HG: What was the name of that guild?

EG: The guild?

HG: Yes.

EG: The Embroiders Guild of America, it was the Sussex County Group. I also made these little dolls, and I must have made 25 or more. You can wear them on your lapel, they're fun. People would say, 'I want a redhead.' [laughs.] I'd make a redhead.

HG: You've had such a prolific career.

EG: Well, 20 years, and it's what I've wanted to do all my life. I finally learned how.

HG: Where do you envision your collection going in the future? Where are all these over 100 quilts going to go?

EG: You want to know the truth? They all go to my daughter who's a quilter. She will not give them away until she feels they will be treasured. I've designed a Sesame quilt for my oldest grandson. When I went to visit a year later, it was a rag. I put a lot of work in it. It was hand and machine made and was gorgeous with a pillow sham. It had blood on it and it had been washed every other week or so. I asked daughter, 'Why did you let this happen?' and she says, 'Well, mother, would you rather have him take it out of a trunk every five or 10 years to look at it or would you rather him remember it as having been used?' Did I answer that question?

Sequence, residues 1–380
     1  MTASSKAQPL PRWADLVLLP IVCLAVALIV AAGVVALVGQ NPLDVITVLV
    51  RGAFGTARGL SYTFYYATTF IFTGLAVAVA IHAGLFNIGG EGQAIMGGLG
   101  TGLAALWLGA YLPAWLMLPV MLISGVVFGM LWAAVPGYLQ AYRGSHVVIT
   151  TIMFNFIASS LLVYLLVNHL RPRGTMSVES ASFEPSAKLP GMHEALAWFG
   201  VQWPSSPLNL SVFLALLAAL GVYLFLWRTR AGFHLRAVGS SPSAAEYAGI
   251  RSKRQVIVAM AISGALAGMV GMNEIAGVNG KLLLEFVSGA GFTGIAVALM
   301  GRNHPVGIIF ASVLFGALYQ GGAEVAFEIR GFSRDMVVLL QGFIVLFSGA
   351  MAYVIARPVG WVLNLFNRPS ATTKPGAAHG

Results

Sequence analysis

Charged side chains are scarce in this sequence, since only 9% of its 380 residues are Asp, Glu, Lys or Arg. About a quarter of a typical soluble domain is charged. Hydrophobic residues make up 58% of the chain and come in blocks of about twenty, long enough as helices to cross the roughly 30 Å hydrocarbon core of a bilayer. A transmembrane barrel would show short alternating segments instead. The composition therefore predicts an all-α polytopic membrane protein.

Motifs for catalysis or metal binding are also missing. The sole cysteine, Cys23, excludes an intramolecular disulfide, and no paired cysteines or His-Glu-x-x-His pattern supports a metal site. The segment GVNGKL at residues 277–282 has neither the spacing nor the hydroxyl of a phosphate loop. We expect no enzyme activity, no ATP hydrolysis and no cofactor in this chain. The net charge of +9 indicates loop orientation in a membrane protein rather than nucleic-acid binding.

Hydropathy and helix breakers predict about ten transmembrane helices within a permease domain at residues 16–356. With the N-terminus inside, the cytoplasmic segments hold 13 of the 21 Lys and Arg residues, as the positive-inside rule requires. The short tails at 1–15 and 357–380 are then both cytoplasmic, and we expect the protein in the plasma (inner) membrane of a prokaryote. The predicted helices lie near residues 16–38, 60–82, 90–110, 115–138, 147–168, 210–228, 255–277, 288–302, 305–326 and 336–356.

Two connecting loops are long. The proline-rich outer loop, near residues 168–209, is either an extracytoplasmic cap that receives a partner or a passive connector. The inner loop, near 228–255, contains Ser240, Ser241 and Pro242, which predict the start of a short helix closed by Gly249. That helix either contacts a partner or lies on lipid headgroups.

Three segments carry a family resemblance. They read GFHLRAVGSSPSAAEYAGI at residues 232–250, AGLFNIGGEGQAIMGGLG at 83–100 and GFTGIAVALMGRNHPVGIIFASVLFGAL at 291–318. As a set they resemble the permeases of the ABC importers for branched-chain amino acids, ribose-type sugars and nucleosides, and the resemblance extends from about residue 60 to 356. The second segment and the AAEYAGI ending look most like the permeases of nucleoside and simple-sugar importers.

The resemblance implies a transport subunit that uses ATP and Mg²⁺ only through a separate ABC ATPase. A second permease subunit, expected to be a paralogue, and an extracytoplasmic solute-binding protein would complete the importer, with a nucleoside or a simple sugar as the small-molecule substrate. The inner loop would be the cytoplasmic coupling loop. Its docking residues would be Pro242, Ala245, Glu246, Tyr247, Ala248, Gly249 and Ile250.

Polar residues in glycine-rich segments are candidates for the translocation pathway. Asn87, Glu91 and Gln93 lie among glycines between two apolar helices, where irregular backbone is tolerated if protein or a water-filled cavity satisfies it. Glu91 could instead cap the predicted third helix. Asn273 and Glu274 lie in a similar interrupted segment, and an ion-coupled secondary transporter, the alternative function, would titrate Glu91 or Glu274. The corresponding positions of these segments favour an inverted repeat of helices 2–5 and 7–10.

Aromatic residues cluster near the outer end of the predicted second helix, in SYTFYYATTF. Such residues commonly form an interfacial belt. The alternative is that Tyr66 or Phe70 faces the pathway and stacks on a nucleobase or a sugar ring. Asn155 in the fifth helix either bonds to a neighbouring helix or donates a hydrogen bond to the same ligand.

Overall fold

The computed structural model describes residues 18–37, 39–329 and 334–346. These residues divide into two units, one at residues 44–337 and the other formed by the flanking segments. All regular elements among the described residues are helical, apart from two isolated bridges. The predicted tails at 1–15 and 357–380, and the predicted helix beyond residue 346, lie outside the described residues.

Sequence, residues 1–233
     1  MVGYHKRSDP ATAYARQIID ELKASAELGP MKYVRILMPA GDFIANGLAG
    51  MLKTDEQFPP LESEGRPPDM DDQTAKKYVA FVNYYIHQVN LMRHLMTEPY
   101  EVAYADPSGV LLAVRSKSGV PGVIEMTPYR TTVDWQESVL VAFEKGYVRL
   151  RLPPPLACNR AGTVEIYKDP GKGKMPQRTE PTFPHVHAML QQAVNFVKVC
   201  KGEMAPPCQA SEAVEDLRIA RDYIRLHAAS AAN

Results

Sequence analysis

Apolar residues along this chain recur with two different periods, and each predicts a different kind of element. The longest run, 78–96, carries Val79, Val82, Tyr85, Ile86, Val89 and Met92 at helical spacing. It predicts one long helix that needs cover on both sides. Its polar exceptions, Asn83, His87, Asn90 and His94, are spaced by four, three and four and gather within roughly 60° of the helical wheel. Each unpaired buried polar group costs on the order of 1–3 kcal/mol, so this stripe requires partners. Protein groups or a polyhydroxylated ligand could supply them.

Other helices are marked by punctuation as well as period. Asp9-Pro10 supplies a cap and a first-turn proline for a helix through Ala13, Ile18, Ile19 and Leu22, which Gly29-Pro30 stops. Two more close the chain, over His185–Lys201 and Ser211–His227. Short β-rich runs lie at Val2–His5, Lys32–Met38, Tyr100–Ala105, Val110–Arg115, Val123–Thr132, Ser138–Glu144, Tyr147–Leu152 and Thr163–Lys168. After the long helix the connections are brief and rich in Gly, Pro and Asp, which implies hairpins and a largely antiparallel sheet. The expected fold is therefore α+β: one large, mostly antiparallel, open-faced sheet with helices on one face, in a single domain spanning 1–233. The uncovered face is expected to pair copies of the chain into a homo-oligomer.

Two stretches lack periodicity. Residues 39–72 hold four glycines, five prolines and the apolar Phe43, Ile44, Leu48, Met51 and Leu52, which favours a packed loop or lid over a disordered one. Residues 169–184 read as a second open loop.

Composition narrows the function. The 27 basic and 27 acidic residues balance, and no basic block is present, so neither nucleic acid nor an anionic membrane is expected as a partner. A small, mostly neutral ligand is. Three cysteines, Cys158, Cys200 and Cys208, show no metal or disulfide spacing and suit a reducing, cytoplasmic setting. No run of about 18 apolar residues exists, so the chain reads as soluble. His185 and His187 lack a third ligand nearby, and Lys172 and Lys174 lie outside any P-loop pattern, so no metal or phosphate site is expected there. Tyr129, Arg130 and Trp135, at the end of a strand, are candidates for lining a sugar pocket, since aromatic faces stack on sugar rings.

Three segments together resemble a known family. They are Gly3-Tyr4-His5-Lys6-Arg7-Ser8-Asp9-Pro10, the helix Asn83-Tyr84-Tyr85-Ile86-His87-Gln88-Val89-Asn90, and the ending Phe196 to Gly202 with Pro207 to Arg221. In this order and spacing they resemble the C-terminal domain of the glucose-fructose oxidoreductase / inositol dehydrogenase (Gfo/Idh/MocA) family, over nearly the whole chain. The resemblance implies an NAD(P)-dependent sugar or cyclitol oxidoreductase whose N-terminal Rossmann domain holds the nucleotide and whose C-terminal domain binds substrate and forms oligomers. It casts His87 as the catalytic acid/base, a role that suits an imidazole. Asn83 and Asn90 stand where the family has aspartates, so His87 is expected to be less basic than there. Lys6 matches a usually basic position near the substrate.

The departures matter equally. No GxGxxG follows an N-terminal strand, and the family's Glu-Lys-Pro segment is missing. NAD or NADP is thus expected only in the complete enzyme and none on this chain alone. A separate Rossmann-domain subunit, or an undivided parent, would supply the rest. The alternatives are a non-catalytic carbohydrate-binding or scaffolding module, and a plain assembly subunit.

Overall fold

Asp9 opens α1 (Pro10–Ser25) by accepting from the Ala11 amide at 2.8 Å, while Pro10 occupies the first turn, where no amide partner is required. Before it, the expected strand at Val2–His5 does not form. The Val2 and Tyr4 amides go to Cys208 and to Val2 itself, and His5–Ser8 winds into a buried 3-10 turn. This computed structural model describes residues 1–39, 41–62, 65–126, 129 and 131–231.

HG: Yes, absolutely. [laughs.]

EG: But what's going to happen to them when I'm gone. I'm hoping that my youngest daughter will give them to the family with a page about how to take care of it. I'm going to have to research and make up a page for how they should clean it or wash it and keep it out of the sun and bring it out once a year to look at. [laughs.]

HG: We're almost out of time. Emily, is there anything that you would like Eleanor?

Emily Burkoff (EB): Where did you get the ties? Were they your husband's or the ties that you made like that?

EG: Oh, the ties. All you have to do is tell the men when they finish using that tie you want it. [laughs.] When it's worn out, I'd like it. I went to a lot of thrift shops and Salvation Army. Sometimes I could get them for a quarter and then they realized what was happening and they went up to a dollar or more. That was right before the beautiful ties came out with florals and geometrics. A lot of people gave them to me, they knew what I was using them for. And I was finished with that. [laughs.]

HG: Well, is there anything that you would like to add, a question that I didn't ask you?

EG: Can't think of anything. I probably said everything without you asking. [laughs.]

HG: Well, I'm going to conclude the interview. It is 12:45.

EG: It's been fun.

HG: Wonderful, I'm so glad Eleanor.

EG: I love it.

HG: March 3rd 2003. This is Heather Gibson signing out from the Q.S.O.S. interview with Eleanor Goldsmith. Thank you.



“Eleanor Goldsmith,” Quilters' S.O.S. -- Save Our Stories, accessed July 16, 2024, https://qsos.quiltalliance.org/items/show/1618.